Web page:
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COMMONWEALTH v. METZ (04/18/67)

decided: April 18, 1967.

COMMONWEALTH
v.
METZ, APPELLANT



Appeal from order of Court of Oyer and Terminer of Allegheny County, June T., 1956, No. 42, in case of Commonwealth of Pennsylvania v. Roy James Metz.

COUNSEL

Joseph I. Lewis, for appellant.

Edwin J. Martin, Assistant District Attorney, with him Charles B. Watkins, Assistant District Attorney, and Robert W. Duggan, District Attorney, for Commonwealth, appellee.

Bell, C. J., Musmanno, Jones, Cohen, Eagen, O'Brien and Roberts, JJ. Opinion by Mr. Justice Roberts.

Author: Roberts

[ 425 Pa. Page 189]

In February 1957, Roy James Metz while represented by counsel entered a general plea of guilty to an indictment charging him with the murder of his wife. Judge Ellenbogen of Allegheny County accepted the plea after first ascertaining that the decision to so plead was appellant's. During the subsequent hearing, however, appellant testified that his wife's death was the result of an accidental shooting. The court, which was concerned about the disparity between appellant's testimony and his plea, questioned him further about his decision to enter a guilty plea; appellant responded: "The only reason I signed a guilty plea, your Honor, was that I felt guilty of being there, and that was all. I did not plead guilty to murder. I pleaded guilty to being in that house, and inasmuch as I am alive and my wife is dead, I thought that that's what I was pleading to. I did not plead guilty to murder. By The Court: Q. Mr. Metz, you did plead guilty to murder. A. Then I didn't understand the plea."*fn1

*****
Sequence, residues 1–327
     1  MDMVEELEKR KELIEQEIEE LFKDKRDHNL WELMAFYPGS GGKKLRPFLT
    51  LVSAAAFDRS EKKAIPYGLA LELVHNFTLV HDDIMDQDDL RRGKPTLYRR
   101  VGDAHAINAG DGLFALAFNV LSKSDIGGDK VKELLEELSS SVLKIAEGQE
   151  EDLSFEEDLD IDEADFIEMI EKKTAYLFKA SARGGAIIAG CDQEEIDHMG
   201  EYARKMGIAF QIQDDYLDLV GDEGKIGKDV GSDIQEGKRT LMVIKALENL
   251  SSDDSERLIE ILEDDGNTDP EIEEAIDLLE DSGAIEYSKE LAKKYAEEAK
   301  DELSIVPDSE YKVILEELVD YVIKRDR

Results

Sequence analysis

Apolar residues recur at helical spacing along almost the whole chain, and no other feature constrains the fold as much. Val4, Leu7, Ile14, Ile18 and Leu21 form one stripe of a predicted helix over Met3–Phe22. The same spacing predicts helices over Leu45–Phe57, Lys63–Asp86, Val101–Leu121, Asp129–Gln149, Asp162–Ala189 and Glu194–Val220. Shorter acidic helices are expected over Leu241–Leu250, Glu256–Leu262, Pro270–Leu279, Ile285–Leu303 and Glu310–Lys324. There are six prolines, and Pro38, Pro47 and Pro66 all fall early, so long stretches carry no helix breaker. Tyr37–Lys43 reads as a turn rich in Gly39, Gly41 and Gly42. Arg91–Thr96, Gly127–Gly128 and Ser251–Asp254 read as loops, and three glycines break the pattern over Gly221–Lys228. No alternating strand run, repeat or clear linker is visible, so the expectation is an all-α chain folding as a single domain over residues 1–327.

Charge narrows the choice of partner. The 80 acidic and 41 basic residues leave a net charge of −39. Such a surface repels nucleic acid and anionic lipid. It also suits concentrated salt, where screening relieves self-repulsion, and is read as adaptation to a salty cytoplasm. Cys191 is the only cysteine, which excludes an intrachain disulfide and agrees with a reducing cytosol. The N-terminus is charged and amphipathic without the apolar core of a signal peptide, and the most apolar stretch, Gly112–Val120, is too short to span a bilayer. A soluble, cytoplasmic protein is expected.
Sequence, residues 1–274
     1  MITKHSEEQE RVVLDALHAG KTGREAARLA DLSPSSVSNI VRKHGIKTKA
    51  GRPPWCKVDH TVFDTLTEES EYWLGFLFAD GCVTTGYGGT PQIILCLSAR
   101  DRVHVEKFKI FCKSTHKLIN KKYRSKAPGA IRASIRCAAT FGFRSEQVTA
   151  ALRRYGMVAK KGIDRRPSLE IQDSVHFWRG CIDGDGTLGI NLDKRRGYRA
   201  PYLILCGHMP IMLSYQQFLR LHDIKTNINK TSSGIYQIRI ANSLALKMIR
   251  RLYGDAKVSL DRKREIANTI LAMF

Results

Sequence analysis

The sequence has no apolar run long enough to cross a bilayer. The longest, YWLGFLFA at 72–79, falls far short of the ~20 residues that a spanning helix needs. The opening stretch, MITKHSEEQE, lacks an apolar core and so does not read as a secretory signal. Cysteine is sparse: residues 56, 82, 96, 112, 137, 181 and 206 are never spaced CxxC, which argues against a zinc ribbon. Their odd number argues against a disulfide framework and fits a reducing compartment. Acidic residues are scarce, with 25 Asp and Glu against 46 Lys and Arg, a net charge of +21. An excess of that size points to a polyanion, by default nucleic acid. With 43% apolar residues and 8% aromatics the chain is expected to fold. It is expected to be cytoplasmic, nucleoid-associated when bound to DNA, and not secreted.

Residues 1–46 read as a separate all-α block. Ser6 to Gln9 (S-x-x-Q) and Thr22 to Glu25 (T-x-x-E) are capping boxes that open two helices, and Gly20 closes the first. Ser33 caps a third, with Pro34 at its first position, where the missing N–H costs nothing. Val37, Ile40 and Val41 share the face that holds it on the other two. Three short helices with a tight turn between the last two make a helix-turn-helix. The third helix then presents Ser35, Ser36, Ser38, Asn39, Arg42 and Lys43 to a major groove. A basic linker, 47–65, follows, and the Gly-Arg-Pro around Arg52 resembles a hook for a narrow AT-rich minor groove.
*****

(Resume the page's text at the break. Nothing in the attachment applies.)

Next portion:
[ 425 Pa. Page 190]

On the basis of this and similar testimony by appellant, the court ordered the guilty plea withdrawn and a plea of not guilty entered.*fn2

Thereafter appellant was tried before a jury and found guilty of murder in the first degree with the penalty fixed at life imprisonment. In Commonwealth v. Metz, 393 Pa. 628, 144 A.2d 740 (1958), this Court rejected appellant's sole assignment of error, that the evidence was insufficient to support the jury's verdict, and affirmed his conviction.

Shortly after the Post Conviction Hearing Act*fn3 became effective, appellant filed a petition thereunder alleging that his conviction was invalid by reason of the double jeopardy provision of the Pennsylvania Constitution.*fn4 Appellant does not challenge the Commonwealth's right, following the abortive plea hearing, to retry him for second degree murder, but maintains that it could not reprosecute him for first degree murder.*fn5

[ 425 Pa. Page 191]

A hearing was held before Judge Ellenbogen on June 13, 1966, at which time appellant was represented by court-appointed counsel. In November, the petition was dismissed and this appeal followed.

Appellant's double jeopardy contention is premised upon the proposition that, since his guilty plea was itself a conviction, the court was obligated to determine the degree of guilt and to fix the penalty.*fn6 In support of this conclusion appellant cites several of our cases which have refused to permit the defendant to withdraw his guilty plea, and argues that since the hearing judge ...


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